In experiments on vegetative hybridization the scion receives food from the branches and roots of the stock. The scion lacks roots, and it lacks a majority of leaves, because the latter are removed artificially. A plant normally receives food from the surrounding non‑living environment. The food elements from the surrounding environment are taken selectively. Only that which is suitable to the nature, the heredity, of the given organism is selected. But if suitable conditions are absent, the organism is frequently forced, as in the case of vegetative hybridization, to assimilate more or less unsuitable conditions: hence, a different composition of the body. The latter will now demand for its growth and development the conditions which it originally assimilated of necessity.

The seeds of vegetative hybrids obtained on the scion and sown into the soil will select from the surrounding environment the conditions which are, in the last analysis, necessary for building the body of the given organism. The latter, however, is now similar to that which arose for the first time through a forced assimilation of unsuitable conditions in the graft. Thus if the scion was forced to assimilate the plastic substances from which, as a result of a series of biochemical transformations, red tomato fruits are obtained, then the seeds from these fruits, when sown, will be inclined to select from the external environment all those conditions which, after many regular transformations, will give ripe fruits of a red color. .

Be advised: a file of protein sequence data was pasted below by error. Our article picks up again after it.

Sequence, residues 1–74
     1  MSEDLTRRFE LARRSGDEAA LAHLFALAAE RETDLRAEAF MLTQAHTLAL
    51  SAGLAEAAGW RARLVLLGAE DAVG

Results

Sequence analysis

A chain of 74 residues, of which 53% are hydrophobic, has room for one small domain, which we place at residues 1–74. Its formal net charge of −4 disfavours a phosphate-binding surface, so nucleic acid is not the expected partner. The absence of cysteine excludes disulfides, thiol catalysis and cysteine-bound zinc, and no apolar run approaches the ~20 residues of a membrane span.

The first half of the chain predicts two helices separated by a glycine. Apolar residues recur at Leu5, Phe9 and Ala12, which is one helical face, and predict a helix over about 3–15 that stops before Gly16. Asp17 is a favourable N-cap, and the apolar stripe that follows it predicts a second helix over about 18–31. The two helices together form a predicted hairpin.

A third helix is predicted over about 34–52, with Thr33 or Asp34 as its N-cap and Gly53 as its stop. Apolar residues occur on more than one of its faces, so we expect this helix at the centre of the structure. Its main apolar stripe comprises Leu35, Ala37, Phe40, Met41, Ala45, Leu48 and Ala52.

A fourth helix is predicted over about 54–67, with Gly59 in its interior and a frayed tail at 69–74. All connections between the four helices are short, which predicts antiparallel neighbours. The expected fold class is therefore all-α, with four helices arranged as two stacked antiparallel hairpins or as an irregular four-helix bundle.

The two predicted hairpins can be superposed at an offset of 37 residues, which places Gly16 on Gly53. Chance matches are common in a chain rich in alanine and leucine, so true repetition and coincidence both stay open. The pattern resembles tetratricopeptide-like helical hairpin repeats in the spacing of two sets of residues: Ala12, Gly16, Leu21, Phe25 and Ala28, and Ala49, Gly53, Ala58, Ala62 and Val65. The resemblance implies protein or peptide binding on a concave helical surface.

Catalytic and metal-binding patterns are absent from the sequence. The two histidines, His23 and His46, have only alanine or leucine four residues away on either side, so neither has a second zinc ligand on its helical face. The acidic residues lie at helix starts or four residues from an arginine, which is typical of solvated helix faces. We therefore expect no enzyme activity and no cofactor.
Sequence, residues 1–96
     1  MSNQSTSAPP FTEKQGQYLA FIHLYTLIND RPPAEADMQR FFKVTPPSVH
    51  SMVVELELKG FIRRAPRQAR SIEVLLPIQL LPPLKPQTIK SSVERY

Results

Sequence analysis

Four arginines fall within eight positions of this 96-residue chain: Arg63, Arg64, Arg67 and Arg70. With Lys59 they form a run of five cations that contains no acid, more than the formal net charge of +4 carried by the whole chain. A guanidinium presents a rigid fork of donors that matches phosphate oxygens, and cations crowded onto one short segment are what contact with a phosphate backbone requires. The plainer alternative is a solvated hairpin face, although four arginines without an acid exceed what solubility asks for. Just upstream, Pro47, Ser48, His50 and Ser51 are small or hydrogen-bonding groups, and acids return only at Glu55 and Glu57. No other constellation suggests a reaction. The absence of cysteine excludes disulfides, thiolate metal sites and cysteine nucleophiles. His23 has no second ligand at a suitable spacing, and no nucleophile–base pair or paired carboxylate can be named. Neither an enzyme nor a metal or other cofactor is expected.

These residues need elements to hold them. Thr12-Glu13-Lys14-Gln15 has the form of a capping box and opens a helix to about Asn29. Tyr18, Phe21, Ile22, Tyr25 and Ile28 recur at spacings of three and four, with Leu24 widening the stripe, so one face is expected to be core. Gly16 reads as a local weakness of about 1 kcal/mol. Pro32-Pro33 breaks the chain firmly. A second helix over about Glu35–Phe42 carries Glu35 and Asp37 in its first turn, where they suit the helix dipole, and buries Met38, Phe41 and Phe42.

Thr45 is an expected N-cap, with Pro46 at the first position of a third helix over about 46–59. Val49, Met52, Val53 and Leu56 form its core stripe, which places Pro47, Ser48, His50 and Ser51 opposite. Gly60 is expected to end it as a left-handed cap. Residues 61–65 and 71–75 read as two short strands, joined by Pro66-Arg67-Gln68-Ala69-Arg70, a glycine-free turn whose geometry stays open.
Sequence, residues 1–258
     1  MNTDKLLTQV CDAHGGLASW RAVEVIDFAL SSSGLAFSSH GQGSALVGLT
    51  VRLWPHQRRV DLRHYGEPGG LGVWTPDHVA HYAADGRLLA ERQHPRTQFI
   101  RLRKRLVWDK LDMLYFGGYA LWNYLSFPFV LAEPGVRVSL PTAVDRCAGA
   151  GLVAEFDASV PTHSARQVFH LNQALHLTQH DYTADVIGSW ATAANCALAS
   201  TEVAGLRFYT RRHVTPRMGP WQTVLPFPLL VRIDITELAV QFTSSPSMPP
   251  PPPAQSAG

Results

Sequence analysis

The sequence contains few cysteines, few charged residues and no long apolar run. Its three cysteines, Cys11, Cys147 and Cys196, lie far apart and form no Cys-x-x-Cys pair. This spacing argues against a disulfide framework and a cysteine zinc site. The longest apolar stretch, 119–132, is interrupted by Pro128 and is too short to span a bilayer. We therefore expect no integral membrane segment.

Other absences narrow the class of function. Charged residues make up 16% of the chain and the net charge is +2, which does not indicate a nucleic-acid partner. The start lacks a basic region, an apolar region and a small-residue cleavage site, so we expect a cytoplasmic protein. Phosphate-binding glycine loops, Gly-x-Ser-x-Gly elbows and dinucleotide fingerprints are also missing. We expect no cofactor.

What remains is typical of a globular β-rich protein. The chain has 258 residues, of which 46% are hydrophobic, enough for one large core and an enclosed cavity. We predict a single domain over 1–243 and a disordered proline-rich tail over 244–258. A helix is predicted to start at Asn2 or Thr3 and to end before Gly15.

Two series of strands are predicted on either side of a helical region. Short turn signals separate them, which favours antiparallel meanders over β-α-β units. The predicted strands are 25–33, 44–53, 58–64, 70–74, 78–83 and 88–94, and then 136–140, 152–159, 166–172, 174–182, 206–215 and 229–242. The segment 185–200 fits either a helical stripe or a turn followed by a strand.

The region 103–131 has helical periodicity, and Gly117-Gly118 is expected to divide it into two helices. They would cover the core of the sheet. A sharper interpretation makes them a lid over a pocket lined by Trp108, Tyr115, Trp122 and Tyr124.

The plastic substances of the stock are an external element, food, with respect to the scion. Yet, these substances become, through assimilation, an integral part of the scion and alter its hereditary properties.

In a similar manner, according to our conception, the elements of the non‑living nature from the environment which surrounds the plant are transformed into integral parts of the living body through a frequently forced assimilation, become living elements, and acquire the property of heredity. The developing living body will in future generations require these external conditions for the reproduction of its like.